Healthy Foods for the Holidays

Fill Your Plate with Holiday Superfoods

Don’t feel guilty about indulging during the Holiday Season, as there’s not a problem if you choose nutritious Holiday foods. While you still need to watch your portion sizes to avoid excessive calories, certain Holiday favorites are bursting with health-promoting nutrients, leading to their status as superfoods. From cinnamon to turkey, this article gives you the low-down on seven Holiday superfoods to choose for your plate.


Holiday cakes, cookies and hot drinks just wouldn’t be the same without cinnamon, but did you know that regularly using this spice may help to protect your health? Cinnamon has antioxidant and anti-inflammatory properties, which may explain the promise it shows for preventing cancer and diseases of the nervous system. Cinnamon may also aid better blood sugar control, offering protection against diabetes, and normalize blood lipids, reducing your likelihood of coronary heart disease. Although sweet cinnamon treats are not the best bet for your oral health, cinnamon’s antibacterial effects may help you guard against tooth decay.

Group of friends laughing as they sit around a table eating and drinking at Christmas. One man is reading a joke from a christmas cracker. Party hats and christmas jumpers are worn.


Turkey isn’t the same without a spoonful of cranberry sauce, but as cranberries are so rich in antioxidants, you may want to use cranberries in a range of other Holiday dishes. Cranberries have previously been encouraged to prevent urinary tract infections and while the evidence for this health benefit of cranberries is somewhat limited, cranberry proanthocyanidins may also protect against infections targeting the digestive system. Additionally, cranberry antioxidants may play a role in the prevention of heart disease and strokes, as well as reducing your risk of breast, lung, prostate and colon cancer. Try cranberries as a healthy addition to cookies, muffins, cakes and desserts, though watch out for dried cranberries, as these are often loaded with added sugar.

Leafy greens

Even if you aren’t a fan of Brussels sprouts, collard greens or broccoli, you probably serve these green leafy vegetables up at Thanksgiving and Christmas. Leafy greens are a nutritional powerhouse, providing lots of beta-carotene, folate, vitamin C and K, as well as the mineral potassium, all of which are linked to better heart health. While beta-carotene and vitamin C have antioxidant activity, additional antioxidants in cruciferous vegetables may explain why the likes of cabbage, spinach and sprouts may protect against prostate, colon and lung cancer. If you dislike cooked leafy green vegetables, try lightly cooking in a stir-fry or serving as part of a salad.


Although nuts are high in fat and calories, nut-eaters tend to be slimmer than people who avoid this festive snack. Nuts are also rich in heart-healthy nutrients, making them a good option for Holiday nibbles. For instance, an ounce of pecans, equivalent to around 19 halves, gives you 3g of fiber and a good intake of vitamin B1, copper and manganese, all of which play a role in heart health. Meanwhile, almonds are rich in the antioxidant vitamin E and walnuts provide a plant alternative to omega-3 fish oils. Keep a jar of mixed nuts to hand for when hunger strikes, but try to avoid nuts with added salt and sugar, as these additions reduce the health benefits of nuts.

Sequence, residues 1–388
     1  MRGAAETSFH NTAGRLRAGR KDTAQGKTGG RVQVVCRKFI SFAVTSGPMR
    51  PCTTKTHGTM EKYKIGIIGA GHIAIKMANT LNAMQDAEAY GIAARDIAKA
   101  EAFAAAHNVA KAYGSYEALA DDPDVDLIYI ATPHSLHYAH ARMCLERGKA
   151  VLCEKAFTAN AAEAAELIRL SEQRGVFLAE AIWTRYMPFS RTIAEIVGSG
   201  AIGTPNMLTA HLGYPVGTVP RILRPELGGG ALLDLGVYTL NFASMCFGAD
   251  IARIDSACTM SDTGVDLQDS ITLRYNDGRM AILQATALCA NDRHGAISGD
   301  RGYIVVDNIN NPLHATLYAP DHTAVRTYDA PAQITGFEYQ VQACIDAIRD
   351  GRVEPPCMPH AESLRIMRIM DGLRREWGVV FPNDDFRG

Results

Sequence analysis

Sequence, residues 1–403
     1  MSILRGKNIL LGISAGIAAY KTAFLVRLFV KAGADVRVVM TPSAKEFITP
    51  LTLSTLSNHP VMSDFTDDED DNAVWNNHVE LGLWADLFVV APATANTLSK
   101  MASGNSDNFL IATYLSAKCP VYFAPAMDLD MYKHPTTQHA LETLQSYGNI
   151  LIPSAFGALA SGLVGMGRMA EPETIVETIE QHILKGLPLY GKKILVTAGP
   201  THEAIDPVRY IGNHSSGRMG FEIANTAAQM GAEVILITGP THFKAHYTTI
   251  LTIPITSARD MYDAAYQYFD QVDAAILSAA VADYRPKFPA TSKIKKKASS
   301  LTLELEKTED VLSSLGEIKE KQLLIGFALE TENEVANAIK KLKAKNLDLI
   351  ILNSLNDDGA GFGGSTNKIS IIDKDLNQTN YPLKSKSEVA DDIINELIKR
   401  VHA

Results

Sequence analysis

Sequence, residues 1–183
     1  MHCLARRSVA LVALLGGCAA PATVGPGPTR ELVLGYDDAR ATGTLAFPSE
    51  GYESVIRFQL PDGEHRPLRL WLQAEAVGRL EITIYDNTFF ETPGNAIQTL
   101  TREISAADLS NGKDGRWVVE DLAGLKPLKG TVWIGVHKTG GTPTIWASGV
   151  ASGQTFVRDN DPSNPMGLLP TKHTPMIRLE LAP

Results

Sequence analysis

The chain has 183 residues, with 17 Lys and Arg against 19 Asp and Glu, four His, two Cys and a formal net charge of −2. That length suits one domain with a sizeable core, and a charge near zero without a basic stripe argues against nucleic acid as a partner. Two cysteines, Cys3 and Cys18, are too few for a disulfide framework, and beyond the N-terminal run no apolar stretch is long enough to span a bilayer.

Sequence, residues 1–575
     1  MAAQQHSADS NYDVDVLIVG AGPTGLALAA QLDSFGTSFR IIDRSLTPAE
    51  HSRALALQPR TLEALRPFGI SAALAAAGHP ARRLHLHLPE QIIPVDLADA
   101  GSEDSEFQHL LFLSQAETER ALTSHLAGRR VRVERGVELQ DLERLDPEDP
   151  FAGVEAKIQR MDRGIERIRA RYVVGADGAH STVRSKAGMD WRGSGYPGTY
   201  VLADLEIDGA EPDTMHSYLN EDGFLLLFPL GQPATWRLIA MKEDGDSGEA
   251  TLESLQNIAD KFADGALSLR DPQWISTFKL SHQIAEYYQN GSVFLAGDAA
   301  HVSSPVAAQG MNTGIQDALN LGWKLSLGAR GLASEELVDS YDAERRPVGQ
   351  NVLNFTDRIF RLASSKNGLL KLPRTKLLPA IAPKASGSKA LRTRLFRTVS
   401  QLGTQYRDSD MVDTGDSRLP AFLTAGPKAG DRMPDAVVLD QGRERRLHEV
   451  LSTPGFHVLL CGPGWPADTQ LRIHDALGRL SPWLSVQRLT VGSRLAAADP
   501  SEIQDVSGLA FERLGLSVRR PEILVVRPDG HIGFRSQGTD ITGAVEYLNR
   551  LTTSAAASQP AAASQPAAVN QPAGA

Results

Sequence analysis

The lovely orange color of pumpkins is thanks to their beta-carotene content, with a 3.5oz serving of pumpkin meeting your daily requirement for this vitamin. That’s good news, as beta-carotene is a powerful antioxidant, which may protect your blood vessels from narrowing and lower your risk of cancer. If you usually opt for pumpkin pie or cookies during the Holiday Season, why not try some savory pumpkin recipes? You don’t need to limit yourself to pumpkin soup though, as pumpkin works well in everything from chilis and curries to salads and stews.

Sweet potatoes

These orange vegetables are even richer in beta-carotene than pumpkins, providing around four times the amount by weight. Sweet potatoes are also a good source of vitamin C and B6, as well as potassium and manganese, all of which are cardio-protective. Baking sweet potatoes and holding the butter is a better option than roasting or frying if you are calorie conscious, though a small amount of fat can help your body absorb their beta-carotene more effectively. However, if you have a sweet tooth, sweet potato can make a healthy addition to various Holiday desserts from homemade ice cream and mousse to brownies and crumbles.


As long as you leave the skin, turkey is a low-fat meat option, but its fat content isn’t why turkey is a superfood. Turkey is rich in the mineral selenium, which plays a key role in helping your body scavenge the free radicals that contribute to health problems such as heart disease, cancer, type 2 diabetes and neurological conditions. You’ll also get a good helping of B vitamins, especially vitamin B3 and B6, to help maintain your metabolism. Additionally, turkey provides useful amounts of zinc, which strengthens your immune system and supports wound healing. Finally, while turkey is not the richest food source of tryptophan, this amino acid is essential for serotonin production, which is associated with feelings of well-being and relaxation.

Although a varied diet is essential for good health, including superfoods may enhance your wellness and reduce your risk of future medical problems. Choosing your Thanksgiving and Christmas menu carefully can help you take advantage of several festive superfoods and their health-promoting properties.

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